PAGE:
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A brief article on texting, hands-free phone use, and other forms of distracted driving.
http://www.berkeleywellness.com/healthy-community/healthy-community/health-care-policy/article/don’t-text-while-driving?
The author, a physician, describes his reaction to "A Deadly Wandering" by Pulitzer Prize-winning journalist Matt Richtel. The thrust of the article is summarized in this excerpt, "I’m not a big texter myself and so have never texted while driving. But I do often talk on my speakerphone—and I think I’m fairly typical. After reading this book, I won’t anymore. That’s because it’s not just texting while driving that is dangerous. All forms of cellphone use are distracting. Talking on a cellphone—even a hands-free one—is different from talking to a passenger because the person on the other end of the line cannot provide feedback (about road hazards, for instance) or monitor the conversation according to circumstances, as can someone seated next to you. The technology takes your mind off the task at hand."

"A Deadly Wandering" can be found here https://smile.amazon.com/Deadly-Wandering-Investigation-Astonishing-Attention/dp/006228407X

KNS
 

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The article is right on. I may be a bad example, but I find that after talking on the speakerphone I cannot remember a single detail about the route I have just driven over. Fortunately my autopilot brain still recognizes traffic signals and stop signs.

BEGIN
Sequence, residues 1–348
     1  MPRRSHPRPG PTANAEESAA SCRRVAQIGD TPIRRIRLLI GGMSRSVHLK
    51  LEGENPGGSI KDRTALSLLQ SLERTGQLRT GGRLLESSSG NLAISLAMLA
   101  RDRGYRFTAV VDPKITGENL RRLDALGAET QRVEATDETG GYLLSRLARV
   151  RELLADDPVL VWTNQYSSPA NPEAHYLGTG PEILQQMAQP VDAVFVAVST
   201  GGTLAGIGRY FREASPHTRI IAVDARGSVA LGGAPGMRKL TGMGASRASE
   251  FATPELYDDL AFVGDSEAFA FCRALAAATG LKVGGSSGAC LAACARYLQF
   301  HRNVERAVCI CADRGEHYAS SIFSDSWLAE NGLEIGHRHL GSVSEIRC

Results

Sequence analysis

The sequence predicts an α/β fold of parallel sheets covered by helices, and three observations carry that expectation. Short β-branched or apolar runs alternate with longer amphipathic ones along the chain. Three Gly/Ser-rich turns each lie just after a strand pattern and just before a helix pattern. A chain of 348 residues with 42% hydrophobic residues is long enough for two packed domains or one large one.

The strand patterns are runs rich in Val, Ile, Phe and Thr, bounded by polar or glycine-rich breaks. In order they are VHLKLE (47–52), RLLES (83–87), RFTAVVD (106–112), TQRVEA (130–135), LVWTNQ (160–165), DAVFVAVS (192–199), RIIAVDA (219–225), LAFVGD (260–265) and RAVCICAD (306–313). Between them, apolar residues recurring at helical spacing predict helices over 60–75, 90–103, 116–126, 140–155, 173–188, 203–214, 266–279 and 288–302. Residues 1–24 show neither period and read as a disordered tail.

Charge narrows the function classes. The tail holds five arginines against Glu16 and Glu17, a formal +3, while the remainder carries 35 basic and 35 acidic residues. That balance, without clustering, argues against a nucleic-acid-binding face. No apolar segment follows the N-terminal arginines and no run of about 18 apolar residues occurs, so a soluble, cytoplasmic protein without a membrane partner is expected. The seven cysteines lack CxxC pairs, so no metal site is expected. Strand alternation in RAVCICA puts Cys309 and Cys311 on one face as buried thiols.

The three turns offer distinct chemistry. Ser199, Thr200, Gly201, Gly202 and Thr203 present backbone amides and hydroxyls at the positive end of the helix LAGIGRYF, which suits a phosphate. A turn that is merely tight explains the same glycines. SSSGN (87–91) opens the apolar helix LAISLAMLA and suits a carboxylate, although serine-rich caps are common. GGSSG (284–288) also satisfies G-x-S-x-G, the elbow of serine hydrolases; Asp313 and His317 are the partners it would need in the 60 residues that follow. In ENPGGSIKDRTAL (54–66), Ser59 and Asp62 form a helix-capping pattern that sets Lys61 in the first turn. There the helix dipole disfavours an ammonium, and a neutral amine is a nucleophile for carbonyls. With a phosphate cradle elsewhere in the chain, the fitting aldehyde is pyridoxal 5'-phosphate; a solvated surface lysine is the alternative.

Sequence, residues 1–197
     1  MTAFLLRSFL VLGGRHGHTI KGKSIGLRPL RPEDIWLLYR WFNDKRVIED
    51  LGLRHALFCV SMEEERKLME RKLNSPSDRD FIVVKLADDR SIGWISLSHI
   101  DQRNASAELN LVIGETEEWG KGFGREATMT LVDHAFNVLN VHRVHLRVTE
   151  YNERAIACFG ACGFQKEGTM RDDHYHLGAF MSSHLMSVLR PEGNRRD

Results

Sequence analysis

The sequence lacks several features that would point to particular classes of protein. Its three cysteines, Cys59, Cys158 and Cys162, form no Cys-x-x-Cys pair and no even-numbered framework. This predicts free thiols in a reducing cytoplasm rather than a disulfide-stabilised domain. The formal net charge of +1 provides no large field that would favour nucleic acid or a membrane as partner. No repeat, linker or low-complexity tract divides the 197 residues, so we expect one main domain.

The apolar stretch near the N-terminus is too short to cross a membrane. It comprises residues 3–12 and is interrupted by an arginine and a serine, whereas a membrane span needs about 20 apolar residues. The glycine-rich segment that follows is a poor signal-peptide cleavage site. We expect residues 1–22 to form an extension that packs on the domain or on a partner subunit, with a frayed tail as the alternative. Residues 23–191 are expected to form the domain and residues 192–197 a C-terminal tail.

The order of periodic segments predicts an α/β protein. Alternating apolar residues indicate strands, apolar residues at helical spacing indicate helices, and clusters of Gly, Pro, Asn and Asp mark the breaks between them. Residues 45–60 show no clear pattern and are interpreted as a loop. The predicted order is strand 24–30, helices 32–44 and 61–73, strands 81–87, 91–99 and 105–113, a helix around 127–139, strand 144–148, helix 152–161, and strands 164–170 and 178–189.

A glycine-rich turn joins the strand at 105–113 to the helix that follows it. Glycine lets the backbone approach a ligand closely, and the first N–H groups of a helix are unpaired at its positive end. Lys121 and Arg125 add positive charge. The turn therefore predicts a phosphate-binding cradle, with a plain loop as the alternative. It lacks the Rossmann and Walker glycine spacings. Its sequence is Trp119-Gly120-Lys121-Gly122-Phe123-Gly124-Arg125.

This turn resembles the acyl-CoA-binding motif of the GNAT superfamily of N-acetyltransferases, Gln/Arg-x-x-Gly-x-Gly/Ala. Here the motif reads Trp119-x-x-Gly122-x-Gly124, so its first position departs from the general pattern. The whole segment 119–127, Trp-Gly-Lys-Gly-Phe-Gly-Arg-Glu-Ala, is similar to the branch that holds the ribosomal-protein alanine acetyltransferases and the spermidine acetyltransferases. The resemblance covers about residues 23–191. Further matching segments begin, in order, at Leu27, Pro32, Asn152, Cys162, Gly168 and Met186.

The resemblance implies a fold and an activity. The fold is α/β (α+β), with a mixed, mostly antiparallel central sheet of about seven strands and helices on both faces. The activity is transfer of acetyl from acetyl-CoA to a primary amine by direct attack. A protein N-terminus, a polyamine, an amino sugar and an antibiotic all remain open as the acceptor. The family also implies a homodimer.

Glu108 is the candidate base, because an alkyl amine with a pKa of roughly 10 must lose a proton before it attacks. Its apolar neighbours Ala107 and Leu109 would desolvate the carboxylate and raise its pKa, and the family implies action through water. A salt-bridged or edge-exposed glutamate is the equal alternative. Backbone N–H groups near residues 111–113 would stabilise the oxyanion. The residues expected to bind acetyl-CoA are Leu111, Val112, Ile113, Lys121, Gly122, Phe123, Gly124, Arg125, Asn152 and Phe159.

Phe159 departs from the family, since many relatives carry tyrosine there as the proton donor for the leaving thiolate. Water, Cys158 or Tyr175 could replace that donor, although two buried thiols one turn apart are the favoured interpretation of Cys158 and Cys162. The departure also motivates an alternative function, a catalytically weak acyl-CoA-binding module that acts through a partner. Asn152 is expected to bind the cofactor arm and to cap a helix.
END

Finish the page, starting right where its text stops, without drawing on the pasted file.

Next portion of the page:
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The article is right on. I may be a bad example, but I find that after talking on the speakerphone I cannot remember a single detail about the route I have just driven over. Fortunately my autopilot brain still recognizes traffic signals and stop signs.
So does that mean you won't do it any more? Or that you believe your "autopilot brain" will keep you out of trouble the next time you do? Hopefully, the former. :)

KNS
 

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I believe this to be true. In fact, I think they are giving too much credit for the conversations with passengers. Not all passengers are providing feedback or modulating their conversation based on traffic conditions. This is especially true of children passengers, but I have had plenty of adults in my car who I have had to ask to hold their conversation so I can hear the GPS or handle some traffic situation. Phones are an obvious source of distraction, but there are other important ones to be aware of as well.
 
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